Bare patches should be covered within two to three weeks and plants will do the most good if they are left for around eight weeks before digging in.
If plants start to flower before this, cut off the tops and dig in. Leave the green manure to decompose in the soil for up to four weeks before growing vegetables.
Don’t forget !
Rotate green manures as you would any other crop. For example - Rotate Vicia, and Alfalfa, with Peas/Beans, Mustard and Fodder Raddish with Brassicas
Clovers are one of the mainstays of organic farming systems and are used extensively as part of the rotational farming systems that maintain soil fertility without the use of chemical fertilisers. It is particularly valuable for building soil fertility once organic conversion has begun. In addition it is one of the bumble bee’s favourite foods. Its traditional name ‘Bee Bread’ says it all. It is often used in combination with Italian or forage ryegrasses, but the inclusion of herbs, such as Chicory, Ribwort plantain or Bird’s Foot Trefoil, can also be considered.
Clover can produce similar dry matter yield as a grass sward receiving 200kg of fertiliser nitrogen per hectare (6 bags of 27 percent nitrogen per acre). In addition there is evidence of reduced nitrogen loss to the environment. It saves on energy usage thereby indirectly reducing environmental pollution and brings greater biodiversity to the farm.
Benefits to Livestock Farmers:
The ability of clover to capture nitrogen from the air is well known to arable farmers and organic gardeners but the potential value of clover-based swards to the livestock farmer is often underestimated.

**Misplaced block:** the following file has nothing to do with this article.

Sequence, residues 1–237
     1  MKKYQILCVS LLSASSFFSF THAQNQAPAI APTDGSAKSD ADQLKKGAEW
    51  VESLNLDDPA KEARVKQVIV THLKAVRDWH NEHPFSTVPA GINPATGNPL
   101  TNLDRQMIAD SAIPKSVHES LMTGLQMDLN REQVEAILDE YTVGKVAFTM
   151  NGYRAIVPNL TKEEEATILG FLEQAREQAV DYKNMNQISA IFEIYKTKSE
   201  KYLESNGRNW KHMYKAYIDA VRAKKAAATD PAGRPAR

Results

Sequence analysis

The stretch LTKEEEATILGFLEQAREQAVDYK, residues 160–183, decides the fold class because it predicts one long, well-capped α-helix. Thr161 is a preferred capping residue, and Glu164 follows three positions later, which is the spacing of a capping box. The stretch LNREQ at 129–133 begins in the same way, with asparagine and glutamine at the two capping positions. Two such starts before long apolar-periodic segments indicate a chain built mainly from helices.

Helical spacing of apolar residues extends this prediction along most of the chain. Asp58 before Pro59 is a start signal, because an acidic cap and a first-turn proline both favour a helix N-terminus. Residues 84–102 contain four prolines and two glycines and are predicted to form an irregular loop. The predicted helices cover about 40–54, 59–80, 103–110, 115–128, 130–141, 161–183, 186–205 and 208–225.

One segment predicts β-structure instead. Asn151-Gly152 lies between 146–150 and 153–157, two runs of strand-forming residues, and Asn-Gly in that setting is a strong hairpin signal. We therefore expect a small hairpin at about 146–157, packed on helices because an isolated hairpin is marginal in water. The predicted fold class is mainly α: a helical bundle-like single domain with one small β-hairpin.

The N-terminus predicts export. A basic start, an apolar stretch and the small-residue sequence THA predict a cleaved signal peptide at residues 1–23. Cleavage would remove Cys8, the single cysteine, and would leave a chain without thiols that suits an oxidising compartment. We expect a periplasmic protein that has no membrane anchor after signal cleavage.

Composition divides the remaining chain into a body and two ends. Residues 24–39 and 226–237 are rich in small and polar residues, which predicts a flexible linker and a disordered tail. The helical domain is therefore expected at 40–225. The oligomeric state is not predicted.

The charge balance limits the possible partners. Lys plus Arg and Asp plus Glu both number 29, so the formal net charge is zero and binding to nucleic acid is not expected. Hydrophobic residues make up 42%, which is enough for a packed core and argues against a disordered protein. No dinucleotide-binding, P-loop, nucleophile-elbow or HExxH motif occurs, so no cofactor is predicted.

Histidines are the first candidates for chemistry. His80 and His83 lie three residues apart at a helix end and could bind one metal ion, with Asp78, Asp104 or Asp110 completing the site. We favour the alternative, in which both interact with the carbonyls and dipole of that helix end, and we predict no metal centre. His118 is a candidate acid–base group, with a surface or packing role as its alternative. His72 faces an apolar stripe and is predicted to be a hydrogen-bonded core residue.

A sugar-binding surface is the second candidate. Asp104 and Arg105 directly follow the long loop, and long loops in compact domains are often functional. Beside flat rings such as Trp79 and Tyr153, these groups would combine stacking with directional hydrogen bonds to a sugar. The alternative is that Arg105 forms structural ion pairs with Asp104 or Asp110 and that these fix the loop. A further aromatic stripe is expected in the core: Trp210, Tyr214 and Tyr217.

Clover produces an abundant crop and grows in a great range of soils and climates. It is palatable to and nutritious for livestock and is appropriate for either pasturage or for silage. It maintains high digestibility over longer period leading to improved intakes. It enhances lean meat gain and milk protein content and contains more minerals, in particular magnesium, thereby reducing the risk of animal health problems associated with mineral deficiency.
Compared to grass swards there is up to 10% higher liveweight gain in cattle, 20% more milk from dairy cows and 25% higher liveweight gain in sheep. Several species of clover are extensively cultivated as fodder plants. The most widely cultivated are white clover Trifolium repens and red clover Trifolium pratense.
The scientific name derives from the Latin tres, "three", and folium, "leaf", so called from the characteristic form of the leaf, which has three leaflets (trifoliate); hence the popular name trefoil.
A common idiom is "to be in clover", meaning to be living a carefree life of ease, comfort, or prosperity. This stems from the historical use of clover as green manure planted after harvesting a crop; a farmer whose fields were "in the clover" was finished for the season.
There's something about growing cover crops makes a person feel like a farmer!
- Additional Information
Common Name Trifolium incarnatum Other Common Names Bee Bread Genus Trifolium Species incarnatum Hardiness Hardy Annual Flowers Crimson Flowers Natural Flower Time From May Height 15m to 30cm (6 to 12in Time to Sow Sow in April through to September Time to Harvest 3 months - up to 18 months Coverage 6 to 8kg per acre - 50gm covers 30 square metres